A hotel firm has bought the Cowgate Community Clinic premises, a place for the homeless population of Edinburgh to access free healthcare, and plans to convert it into a 225-room luxury hotel.
The planned construction in Old Town is drawing protests from a campaign group known as the ‘Let There Be Light’ campaign, whose petition to halt the development has garnered thousands of signatures.
The planned hotel would take over several protected buildings, such as the India Buildings and the former Cowgatehead Free Church, where the Cowgate Community Clinic operated until recently.
‘Let There be Light’ claims to be fighting the development in order to protect the rights of Edinburgh’s homeless population, as the Cowgatehead Community Clinic was abandoned at the end of January and moved to a location on Spittal Street, which campaigner Luke Green claims is “completely inadequate”.
“We are concerned that these developments will completely transform Edinburgh’s landscape in a totally inappropriate way but, more fundamentally […], it risks marginalising vulnerable residents and stripping the community of vital public assets,” Green told The Student.
The construction plan also proposes to build a new nine-storey building in a free space between buildings. However, this free space was once left to the city for the further development of the Edinburgh Central Library.
Campaigners claim the hotel would overshadow the library, causing a light reduction of up to 80 per cent; however, the developers of the hotel insist it will be much less. Jansons claims that “any development of the area to the rear of the library – including if the proposals were an extension – would have to address the same lighting issues.”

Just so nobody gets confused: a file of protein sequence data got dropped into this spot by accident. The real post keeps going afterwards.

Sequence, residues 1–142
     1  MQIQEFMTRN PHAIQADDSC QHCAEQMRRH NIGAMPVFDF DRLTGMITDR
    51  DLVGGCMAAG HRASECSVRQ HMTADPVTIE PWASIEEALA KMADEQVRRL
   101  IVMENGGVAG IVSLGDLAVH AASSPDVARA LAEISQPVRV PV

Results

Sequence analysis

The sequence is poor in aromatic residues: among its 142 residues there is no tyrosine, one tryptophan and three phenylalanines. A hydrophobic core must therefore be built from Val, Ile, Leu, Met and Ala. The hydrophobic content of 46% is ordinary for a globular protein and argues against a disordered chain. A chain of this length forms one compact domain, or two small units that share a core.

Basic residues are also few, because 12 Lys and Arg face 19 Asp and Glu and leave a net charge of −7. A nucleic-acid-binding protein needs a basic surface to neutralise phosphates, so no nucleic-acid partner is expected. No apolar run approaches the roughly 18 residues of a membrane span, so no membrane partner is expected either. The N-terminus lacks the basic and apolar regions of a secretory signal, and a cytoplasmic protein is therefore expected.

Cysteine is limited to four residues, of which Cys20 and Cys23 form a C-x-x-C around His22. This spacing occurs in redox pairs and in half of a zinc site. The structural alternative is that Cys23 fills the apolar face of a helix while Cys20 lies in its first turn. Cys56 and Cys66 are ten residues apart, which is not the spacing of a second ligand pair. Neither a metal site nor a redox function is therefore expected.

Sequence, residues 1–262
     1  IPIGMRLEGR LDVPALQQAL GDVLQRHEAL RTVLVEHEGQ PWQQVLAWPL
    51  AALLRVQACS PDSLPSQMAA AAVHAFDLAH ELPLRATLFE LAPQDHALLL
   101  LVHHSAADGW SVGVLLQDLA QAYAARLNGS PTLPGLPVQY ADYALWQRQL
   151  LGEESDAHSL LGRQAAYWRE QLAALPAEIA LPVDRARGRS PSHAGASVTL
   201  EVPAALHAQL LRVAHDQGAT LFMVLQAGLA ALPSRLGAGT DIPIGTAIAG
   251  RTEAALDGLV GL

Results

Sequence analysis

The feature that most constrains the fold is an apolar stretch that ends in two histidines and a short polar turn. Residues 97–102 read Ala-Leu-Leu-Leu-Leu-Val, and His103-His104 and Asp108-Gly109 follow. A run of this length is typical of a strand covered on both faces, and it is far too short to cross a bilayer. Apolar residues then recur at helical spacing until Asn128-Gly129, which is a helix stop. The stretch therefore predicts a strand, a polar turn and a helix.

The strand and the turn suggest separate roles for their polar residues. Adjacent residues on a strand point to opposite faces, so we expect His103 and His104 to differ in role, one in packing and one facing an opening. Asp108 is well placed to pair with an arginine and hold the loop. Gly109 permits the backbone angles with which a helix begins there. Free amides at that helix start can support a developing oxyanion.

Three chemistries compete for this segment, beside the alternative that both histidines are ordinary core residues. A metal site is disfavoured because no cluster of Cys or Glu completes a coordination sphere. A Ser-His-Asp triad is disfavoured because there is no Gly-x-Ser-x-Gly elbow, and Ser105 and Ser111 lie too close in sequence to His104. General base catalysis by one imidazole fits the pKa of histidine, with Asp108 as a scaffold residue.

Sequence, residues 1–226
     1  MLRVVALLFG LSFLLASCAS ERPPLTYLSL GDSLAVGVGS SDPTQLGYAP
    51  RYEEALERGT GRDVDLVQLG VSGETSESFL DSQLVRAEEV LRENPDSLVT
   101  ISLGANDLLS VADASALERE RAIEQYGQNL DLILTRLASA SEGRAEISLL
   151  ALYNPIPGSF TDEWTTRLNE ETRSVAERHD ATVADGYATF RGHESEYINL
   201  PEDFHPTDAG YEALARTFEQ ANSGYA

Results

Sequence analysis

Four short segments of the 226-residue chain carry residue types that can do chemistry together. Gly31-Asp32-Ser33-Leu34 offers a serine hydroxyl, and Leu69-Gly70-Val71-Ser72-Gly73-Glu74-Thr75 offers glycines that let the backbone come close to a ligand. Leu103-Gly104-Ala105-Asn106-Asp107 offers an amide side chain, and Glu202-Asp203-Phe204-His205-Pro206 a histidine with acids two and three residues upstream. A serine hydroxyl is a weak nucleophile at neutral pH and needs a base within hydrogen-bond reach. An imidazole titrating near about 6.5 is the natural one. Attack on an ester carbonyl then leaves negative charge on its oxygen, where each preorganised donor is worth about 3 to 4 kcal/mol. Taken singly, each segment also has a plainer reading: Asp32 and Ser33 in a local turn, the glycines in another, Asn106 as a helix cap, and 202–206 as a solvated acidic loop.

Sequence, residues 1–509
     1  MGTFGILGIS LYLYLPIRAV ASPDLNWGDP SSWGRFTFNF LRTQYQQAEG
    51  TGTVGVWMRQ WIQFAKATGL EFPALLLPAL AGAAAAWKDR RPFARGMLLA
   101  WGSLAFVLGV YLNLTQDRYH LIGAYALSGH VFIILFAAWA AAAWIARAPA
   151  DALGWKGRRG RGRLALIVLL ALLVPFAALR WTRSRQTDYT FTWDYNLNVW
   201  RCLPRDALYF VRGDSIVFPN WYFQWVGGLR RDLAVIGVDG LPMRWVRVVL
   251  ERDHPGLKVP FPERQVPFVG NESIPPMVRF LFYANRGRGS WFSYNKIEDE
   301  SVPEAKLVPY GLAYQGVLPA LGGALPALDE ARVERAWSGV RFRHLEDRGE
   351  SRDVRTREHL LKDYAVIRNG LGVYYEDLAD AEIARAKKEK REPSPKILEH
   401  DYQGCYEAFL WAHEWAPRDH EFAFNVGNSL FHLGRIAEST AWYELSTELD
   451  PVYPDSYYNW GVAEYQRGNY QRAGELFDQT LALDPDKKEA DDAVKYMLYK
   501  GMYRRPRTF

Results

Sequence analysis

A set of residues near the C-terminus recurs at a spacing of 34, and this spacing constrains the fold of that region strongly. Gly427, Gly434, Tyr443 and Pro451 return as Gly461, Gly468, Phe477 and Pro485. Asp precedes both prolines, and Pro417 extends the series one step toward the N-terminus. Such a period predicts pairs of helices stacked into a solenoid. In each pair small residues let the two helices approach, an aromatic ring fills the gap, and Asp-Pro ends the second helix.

There is an epigraph above the door of the Central Library which reads ‘let there be light’ – hence the campaign’s name – which was placed there by Andrew Carnegie, to inspire Enlightenment values.
Green told The Student: “The City of Edinburgh Council – who are £1.7bn in debt – are pursuing a reckless and undemocratic policy of gentrification throughout the city, as part of an initiative they have called ‘Edinburgh 12’, which involves selling off public land to the private sector at very cheap rates to stimulate private investment in the city.”
According to developers, the hotel is projected to bring more than five million pounds to the city economy each year and create several hundred jobs. Andy Jansons, managing director of Jansons Property, the developers on this project, told The Edinburgh Evening News: “There is no doubt that an additional £5.3m of annual visitor spend into the Victoria Street and Cowgate area would make a huge difference to some of Scotland’s most iconic shopping areas, and another high-end hotel operator will help to further secure the city’s place as a world-class tourism destination.”
However, the United Nations Educational, Scientific and Cultural Organisation (UNESCO), which grants Edinburgh its World Heritage status, has also expressed strong concerns over this hotel and several others in the city, putting its place on the list of world heritage sites at risk.
City Councillor Ian Perry told The Guardian: “We are committed to managing this process carefully and ensuring that the greatest consideration is given to its historic environment.”
Yet local residents feel their concerns are not being seriously considered. As Green told The Student: “Edinburgh is gradually being redesigned to meet the needs of tourists and of private companies, but with total disregard for its residents and their right to the city.”